Here’s the latest reader question, along with my reply!
Jason asks: I came to your site via the Tom Woods show and have found it to be a valuable resource. I typically buy reliable used cars and drive them for years. I am planning on purchasing a car in the coming months and have been considering a new or late model used Subaru Outback 6 cylinder. I wanted to ask your opinion on the overall reliability of the vehicle as I plan to own my next car for a very long time. Specifically I’m concerned about fouling related to the direct fuel injection you have mentioned in the recent Subaru models. I’ve read that Subaru had filed a patent on a device to mitigate the problems with direct injection, but I wanted to see what you thought about it. Any help is greatly appreciated. Thanks for the great site!
My reply: Direct injection has already become de facto standard equipment in almost all 2018 model year cars; the few that don’t have it yet will have it soon. Several manufacturers – Toyota, for one – have been adding a dedicated port fuel injection circuit to their DI-equipped vehicles, to salve the DI-related problem of carbon buildup on the back of the intake valves.
Subaru hasn’t done this yet – which has its pros and its cons.
On the pro side, you only have one fuel delivery system (DI) so no worries about problems down the road with the second fuel delivery system (PFI) and of course the DI-only engine is less complex than an engine with both DI and PFI.
On the con side, there is the potential for carbon build-up down the road; and DI systems are much more complicated than PFI systems.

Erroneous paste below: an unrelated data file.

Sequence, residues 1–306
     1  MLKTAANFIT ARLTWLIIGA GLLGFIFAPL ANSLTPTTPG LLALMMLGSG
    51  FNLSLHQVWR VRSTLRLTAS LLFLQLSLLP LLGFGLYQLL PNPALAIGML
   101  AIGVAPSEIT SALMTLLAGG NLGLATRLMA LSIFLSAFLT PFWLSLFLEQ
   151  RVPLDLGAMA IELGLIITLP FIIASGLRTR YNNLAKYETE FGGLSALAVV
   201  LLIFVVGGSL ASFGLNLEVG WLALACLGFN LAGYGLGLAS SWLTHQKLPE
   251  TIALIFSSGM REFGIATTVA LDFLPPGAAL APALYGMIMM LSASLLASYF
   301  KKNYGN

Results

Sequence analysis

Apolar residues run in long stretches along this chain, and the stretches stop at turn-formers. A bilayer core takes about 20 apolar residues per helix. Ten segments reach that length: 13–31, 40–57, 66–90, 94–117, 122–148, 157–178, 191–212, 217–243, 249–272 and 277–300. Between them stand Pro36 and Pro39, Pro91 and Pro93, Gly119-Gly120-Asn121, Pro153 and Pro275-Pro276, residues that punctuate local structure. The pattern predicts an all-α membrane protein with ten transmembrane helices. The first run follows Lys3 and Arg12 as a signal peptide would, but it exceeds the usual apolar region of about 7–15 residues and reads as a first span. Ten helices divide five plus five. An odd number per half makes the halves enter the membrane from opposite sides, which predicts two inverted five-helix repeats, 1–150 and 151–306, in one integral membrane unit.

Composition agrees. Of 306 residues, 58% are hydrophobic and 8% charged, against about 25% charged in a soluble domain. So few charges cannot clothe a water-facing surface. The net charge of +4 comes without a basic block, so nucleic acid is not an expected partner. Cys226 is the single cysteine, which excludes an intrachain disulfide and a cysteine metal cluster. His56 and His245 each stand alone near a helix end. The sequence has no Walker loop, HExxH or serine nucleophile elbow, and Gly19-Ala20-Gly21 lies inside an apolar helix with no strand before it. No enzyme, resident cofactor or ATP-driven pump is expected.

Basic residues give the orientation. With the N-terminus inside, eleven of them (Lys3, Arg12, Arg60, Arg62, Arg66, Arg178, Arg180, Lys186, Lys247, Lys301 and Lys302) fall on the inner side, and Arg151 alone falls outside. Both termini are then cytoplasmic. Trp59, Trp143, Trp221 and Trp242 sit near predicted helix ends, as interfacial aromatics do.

It is hard to know at this point whether it would be wiser to buy a DI-only vehicle or one with DI and PFI. Because these systems are still pretty new (Di plus PFI is very new) and it will take years of real-world driving data by many tens of thousands of cars to establish any meaningful data set.
So, it’s a gamble.
My choice would be to buy something older, with just PFI. Since DI is relatively new, you can still easily find numerous different makes/models with just PFI that are only a few years old in most cases. Go back five years and most cars had PFI, not DI.
If you are set on new, I recommend shopping for a car with a better-than-most powertrain warranty, such as Hyundai/Kia and VW (all DI now).
Not that there is anything wrong with new Subarus. But they are DI and their warranty coverage isn’t as good as it probably ought to be. I do prefer the Soobie six, by the way, and not just because it’s more powerful. It has reserve power, so it does not have to work as hard as most of the fours Subaru uses in its cars.
Harder working often means shorter-lived . . .and higher maintenance costs over time.
Hope this was helpful – and thanks for the kind words!
. . .
Got a question about cars – or anything else? Click on the “ask Eric” link and send ’em in!
If you like what you’ve found here, please consider supporting EPautos.
We depend on you to keep the wheels turning!
Our donate button is here.
If you prefer not to use PayPal, our mailing address is:
721 Hummingbird Lane SE
Copper Hill, VA 24079
PS: EPautos magnets are free to those who send in $20 or more. My latest eBook is also available for your favorite price – free! Click here. If you find it useful, consider contributing a couple of bucks!